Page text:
(CNN)Four children are traumatized days after officers in Aurora, Colorado, drew guns on them in a mix-up over a stolen vehicle, the woman driving the vehicle said.
"They're barely eating. They're barely sleeping," Brittney Gilliam told CNN on Wednesday. "They're not doing good at all ... Who would? What kid would? What child would? What parent would?"
Brittney Gilliam was going to a nail salon Sunday with her 6-year-old daughter, 12-year-old sister and 14- and 17-year-old nieces when police drew their weapons on them. Gilliam said she, her sister and 17-year-old niece were handcuffed while police verified that the car Gilliam was driving was not stolen.
Gilliam and all four girls are Black.
Gilliam said her life flashed before her eyes and she worried that someone was going to get seriously hurt as officers ordered her family out of the car and onto the ground. And though the experience was traumatizing for her, too, she said the worst part was feeling like she couldn't protect the girls.
"As a parent, you try to protect your child at every cost, and those were my kids -- in that particular moment, those were my kids -- and I felt powerless, I felt dehumanized, and I couldn't protect them from anything that was going on," she said.
The episode unfolded amid a nationwide examination of how police treat Black people, spurred partly by the May death in police custody of George Floyd in Minneapolis. Aurora police also have been under scrutiny for the 2019 death of Elijah McClain, a Black man who suffered a heart attack after police detained him.
"I have called (Gilliam's) family to apologize and to offer any help we can provide, especially for the children who may have been traumatized by yesterday's events," newly appointed Chief of Police Vanessa Wilson said late Monday. "I have reached out to our victim advocates so we can offer age-appropriate therapy that the city will cover."
Stolen car and Gilliam's shared description and tag
Gilliam was taking the girls to get their nails done the day of the incident, she told CNN. Her niece had just gotten back in the vehicle after looking to see whether the nail salon was open, and she and the girls were parked in a parking lot with the car turned off, Gilliam said, when Aurora police pulled up behind her vehicle with guns drawn and yelled for them to put their hands out of the window and to get out of the car.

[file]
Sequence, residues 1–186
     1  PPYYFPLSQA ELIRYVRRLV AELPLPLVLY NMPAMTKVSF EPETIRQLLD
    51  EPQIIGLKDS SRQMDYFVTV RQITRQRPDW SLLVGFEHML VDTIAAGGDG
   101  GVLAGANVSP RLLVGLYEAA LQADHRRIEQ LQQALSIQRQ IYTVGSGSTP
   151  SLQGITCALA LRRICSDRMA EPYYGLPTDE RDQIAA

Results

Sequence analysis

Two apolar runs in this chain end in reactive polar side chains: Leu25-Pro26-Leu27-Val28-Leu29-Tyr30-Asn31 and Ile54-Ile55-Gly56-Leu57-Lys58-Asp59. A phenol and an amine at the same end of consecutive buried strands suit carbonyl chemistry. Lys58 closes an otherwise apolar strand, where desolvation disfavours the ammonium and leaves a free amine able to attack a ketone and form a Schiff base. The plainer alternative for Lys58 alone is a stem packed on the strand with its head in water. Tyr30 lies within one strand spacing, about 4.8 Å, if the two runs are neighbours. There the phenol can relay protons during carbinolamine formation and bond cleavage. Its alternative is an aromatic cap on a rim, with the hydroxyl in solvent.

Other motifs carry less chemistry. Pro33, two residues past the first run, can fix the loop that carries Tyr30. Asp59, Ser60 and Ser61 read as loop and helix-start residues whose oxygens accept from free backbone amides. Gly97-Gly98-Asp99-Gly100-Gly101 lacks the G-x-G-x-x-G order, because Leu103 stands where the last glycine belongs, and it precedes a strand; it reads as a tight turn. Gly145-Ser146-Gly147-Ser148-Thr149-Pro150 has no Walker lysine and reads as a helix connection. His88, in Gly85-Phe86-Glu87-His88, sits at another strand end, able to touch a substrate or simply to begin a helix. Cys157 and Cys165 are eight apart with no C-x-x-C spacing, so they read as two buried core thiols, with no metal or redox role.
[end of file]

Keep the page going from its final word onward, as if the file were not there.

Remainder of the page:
Gilliam and the girls got out of the vehicle and were told to lie face down on the ground, she said. Though she asked more than once, Gilliam said the police wouldn't tell her why she was pulled over until she was handcuffed.
Aurora police then told Gilliam her vehicle was stolen, she said. Gilliam said she told them her vehicle had been stolen in February, but that it was cleared up. She said she offered to show them the vehicle registration and insurance paperwork.
Gilliam's attorney emphasized to CNN that after the vehicle was stolen in February, it was returned to her the next day by the Aurora Police.
Officers had been alerted to a stolen vehicle, and though Gilliam's car matched the license plate and description, the vehicle reported stolen was from another state, police said in a statement.
"The confusion may have been due, in part, to the fact that the stopped car was reported stolen earlier in the year," the statement said. "After realizing the mistake, officers immediately unhandcuffed everyone involved, explained what happened and apologized."
But the apology was too little, too late, Gilliam told CNN on Wednesday.
Training and procedure under examination
Drawing weapons is in the department's policy when police believe a car has been stolen, Wilson said in a statement.
"We have been training our officers that when they contact a suspected stolen car, they should do what is called a high-risk stop. This involves drawing their weapons and ordering all occupants to exit the car and lie prone on the ground. But we must allow our officers to have discretion and to deviate from this process when different scenarios present themselves," Wilson said. "I have already directed my team to look at new practices and training."
But Gilliam believes the incident would have gone differently had the officers not approached a car of Black women and girls, she said Wednesday.
"It would never happen if there were four White girls in the car; they would have treated it as a regular traffic stop," she told CNN.
An internal investigation has been opened, according to the statement.
Meantime, Colorado's health department has launched an investigation into paramedics' use of the drug ketamine to sedate McClain, the 23-year-old Black man who was stopped by three White officers of the Aurora Police Department as he walked home last year from a convenience store.
McClain was placed in a chokehold and briefly lost consciousness, according to a report from police. When paramedics arrived, they administered the ketamine, the report said. McClain suffered a heart attack while in an ambulance and was declared brain dead three days later, the district attorney said in a letter.
The police department fired the three officers involved.
Colorado Gov. Jared Polis called on Aurora's new police chief to work ahead in transparency and rebuilding community trust.
"We need to do everything in our power to foster confidence and trust in law enforcement and for law enforcement to take that step to regain the trust of communities that events like this further erode," Polis added.